The flash is a very small light source which makes for hard details. Natural lighting has lots of very large light sources, like shaded windows, or light bouncing from walls, coming from every direction but directly above the lens. Natural lighting tends to create very soft shadows because of all of it’s large sources (except for direct sunlight which creates very hard shadows, because it too is a very small light source. Sunlight is, to a photographer, a tiny super bright pinpoint in the sky.

The flash has it’s color own color temperature, which is meant to match daylight. When used in any other environment, the flash color never matches it’s surroundings, which is why everything looks strangely yellow and unnatural.

There are a number of techniques that can be used to improve flash photos. For me, the least complicated way to get the best results has always been to stick with natural lighting and leave the flash off.

Tell a story using the scene

A picture is worth 1000 words. Especially when you include the things that are taking part in creating the emotion you’re capturing (is that a run on sentence?). If the child is making eye contact with someone, include them in your shot. If they are playing with a toy set or building something, be sure to include it in your frame. With a narrow depth of field, you can hint at the secondary subjects by having them out of focus in your scene. We will get more into that on our next tip.

Utilize a narrow depth of field to isolate your subject from the rest of the scene

One great reason to use prime lenses is for their narrow depth of field. A busy backgrounds can move attention away from your subject. With a narrow depth of field, you can have sharp focus on your subject and have your background out of focus. This isolates your subject from any busy scene that may be happening. It makes it clear what the subject is that the photographer intended. If you are utilizing other secondary elements in your scene to “tell a story” you can have them fall out of focus and maintain attention on your primary subject.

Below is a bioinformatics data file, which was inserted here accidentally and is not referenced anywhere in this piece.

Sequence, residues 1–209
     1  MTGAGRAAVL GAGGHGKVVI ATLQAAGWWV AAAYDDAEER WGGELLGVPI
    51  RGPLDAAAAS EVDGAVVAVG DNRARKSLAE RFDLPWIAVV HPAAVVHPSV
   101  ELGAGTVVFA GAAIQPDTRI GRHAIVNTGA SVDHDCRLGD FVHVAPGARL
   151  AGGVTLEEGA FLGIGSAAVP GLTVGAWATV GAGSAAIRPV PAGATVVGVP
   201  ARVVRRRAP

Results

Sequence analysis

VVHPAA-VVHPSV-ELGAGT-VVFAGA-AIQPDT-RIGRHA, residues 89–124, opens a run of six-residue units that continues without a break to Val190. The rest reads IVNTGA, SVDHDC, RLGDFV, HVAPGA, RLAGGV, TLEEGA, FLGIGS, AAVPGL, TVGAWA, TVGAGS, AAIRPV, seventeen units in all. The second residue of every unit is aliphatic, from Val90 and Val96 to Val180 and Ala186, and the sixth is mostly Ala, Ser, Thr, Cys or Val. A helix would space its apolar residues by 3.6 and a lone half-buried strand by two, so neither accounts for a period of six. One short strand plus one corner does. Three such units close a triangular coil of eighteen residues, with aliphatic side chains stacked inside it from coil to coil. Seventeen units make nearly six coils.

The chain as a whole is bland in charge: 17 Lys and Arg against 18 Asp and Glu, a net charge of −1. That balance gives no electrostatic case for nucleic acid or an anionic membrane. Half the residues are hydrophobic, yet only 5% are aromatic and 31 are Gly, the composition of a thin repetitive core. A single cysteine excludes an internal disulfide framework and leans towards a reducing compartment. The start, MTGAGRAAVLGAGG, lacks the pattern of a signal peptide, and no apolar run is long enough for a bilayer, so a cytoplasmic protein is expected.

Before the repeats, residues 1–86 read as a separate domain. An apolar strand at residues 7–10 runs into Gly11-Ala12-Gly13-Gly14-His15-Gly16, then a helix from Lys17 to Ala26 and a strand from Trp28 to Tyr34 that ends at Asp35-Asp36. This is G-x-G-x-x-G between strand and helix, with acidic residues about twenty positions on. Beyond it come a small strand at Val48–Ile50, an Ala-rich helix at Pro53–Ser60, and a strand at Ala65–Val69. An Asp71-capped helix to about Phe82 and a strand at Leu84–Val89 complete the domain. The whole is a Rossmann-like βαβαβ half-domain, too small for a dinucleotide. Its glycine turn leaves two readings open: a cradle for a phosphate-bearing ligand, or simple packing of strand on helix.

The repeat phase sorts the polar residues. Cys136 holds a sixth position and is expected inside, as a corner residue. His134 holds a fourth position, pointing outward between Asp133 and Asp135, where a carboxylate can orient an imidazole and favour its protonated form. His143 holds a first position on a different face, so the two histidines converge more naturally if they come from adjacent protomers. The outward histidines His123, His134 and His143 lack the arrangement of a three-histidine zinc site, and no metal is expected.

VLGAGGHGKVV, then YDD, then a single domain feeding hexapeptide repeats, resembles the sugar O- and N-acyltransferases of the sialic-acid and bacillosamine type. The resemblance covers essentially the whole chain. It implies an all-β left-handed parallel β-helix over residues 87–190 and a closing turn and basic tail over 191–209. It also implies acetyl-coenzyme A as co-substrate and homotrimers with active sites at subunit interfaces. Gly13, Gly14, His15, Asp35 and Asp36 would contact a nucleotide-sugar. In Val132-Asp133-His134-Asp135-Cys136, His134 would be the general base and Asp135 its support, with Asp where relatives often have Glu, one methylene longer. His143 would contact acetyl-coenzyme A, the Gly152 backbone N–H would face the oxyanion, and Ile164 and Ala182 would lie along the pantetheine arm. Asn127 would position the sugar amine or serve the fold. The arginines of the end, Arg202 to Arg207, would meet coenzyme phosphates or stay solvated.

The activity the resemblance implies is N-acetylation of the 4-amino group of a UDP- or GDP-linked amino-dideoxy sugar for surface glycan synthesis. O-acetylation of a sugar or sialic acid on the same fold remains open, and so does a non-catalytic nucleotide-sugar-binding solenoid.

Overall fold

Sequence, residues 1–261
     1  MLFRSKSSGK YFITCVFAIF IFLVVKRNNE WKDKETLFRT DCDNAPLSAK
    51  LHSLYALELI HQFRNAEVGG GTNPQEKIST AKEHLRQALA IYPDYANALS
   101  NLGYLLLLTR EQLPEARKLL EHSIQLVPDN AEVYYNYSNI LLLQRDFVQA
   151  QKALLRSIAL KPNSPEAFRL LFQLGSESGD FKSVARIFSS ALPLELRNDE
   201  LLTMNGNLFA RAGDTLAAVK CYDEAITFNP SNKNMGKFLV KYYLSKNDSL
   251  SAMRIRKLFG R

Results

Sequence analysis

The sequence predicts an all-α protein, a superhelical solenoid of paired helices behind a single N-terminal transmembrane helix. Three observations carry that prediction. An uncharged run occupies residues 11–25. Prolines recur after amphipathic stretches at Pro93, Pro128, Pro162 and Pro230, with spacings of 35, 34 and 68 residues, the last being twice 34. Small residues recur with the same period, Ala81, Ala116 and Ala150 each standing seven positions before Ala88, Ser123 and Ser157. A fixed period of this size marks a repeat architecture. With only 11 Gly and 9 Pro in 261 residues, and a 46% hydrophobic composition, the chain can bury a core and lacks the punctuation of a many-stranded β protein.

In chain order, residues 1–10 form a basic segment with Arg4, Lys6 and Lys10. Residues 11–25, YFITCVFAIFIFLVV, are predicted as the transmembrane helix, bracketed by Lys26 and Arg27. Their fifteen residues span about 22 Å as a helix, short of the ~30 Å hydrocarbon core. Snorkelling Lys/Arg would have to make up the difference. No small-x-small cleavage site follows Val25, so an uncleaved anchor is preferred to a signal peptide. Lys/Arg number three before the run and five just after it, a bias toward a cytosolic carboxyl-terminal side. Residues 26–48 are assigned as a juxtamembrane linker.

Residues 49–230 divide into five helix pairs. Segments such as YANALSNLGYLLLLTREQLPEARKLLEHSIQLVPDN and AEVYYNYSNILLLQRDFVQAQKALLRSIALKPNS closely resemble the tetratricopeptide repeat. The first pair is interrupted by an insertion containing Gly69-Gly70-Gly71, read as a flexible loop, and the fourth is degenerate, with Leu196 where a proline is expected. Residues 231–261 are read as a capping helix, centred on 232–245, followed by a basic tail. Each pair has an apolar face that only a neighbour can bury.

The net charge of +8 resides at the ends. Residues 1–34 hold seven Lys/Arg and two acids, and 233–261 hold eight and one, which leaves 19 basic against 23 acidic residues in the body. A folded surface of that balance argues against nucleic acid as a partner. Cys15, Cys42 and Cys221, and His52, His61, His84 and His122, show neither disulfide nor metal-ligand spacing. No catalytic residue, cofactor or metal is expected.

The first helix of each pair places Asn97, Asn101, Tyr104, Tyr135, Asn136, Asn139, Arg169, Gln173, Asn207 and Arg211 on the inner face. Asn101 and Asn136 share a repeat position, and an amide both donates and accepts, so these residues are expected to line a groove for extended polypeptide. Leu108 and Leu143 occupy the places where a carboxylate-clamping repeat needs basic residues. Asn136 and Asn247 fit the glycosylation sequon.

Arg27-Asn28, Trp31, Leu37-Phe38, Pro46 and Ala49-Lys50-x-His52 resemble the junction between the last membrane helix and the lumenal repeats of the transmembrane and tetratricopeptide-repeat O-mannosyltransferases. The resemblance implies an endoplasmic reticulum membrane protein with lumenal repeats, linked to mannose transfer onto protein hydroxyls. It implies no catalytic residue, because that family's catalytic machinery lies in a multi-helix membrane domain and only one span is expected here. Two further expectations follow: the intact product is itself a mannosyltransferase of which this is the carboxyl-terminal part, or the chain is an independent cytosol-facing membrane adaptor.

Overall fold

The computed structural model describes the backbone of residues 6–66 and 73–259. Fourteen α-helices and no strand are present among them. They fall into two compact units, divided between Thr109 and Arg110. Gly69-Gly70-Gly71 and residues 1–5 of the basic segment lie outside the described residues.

Select the right auto focus mode

On most DSLRs you have a few different auto focus options. First and foremost is the auto focus mode. Usually it’s something like “One Shot”, “AI Servo”, and then some useless hybrid mix of the two.
“One Shot” will lock focus when you half press your shutter, and as long as the shutter is held and the half level it will wait for the one shot to snap. The camera will not fire unless it has focus confirmed on “One Shot”. This is useful to be absolutely sure of where your focus is, especially when they are holding still or sitting in place.
“AI Servo”, as it is called on canon DSLRs, will constantly adjust focus and snap as soon as you are ready whather or not the focus is confirmed. This is useful when the kids are all over the place, running towards or away from the camera making it impossible for “One Shot” to confirm focus.

Select your focus carefully

Chances are your DSLR has somewhere between 8-19 auto focus points. Most times, people leave their camera set so that it will automatically chooses which point to select focus. Despite the 19 auto focus points on my 7D, I like to have a single AF point right in the center so that I can choose my focus instead of the camera choosing it for me. This is especially important when using a prime lens with a narrow depth of field.
The technique is simple. Utilize the center AF point to confirm focus. Hold the shutter half way down and quickly reframe your shot (remember law of thirds, you’re not skeet shooting, you’re framing a photo). Then just wait for the right moment to snap as long as your subject remains in focus.
In portrait style shots, I like to focus on the closest eye to the camera. Sometimes parts of your subjects face may be slightly out of focus, so it is important to choose the point you want in focus.

The 11th bonus tip. Have Fun!

Most importantly… have fun! Kids are silly, goofy, easy, playful and fun. So if you want to connect with them and take good photos, you should follow their lead. Happy shooting!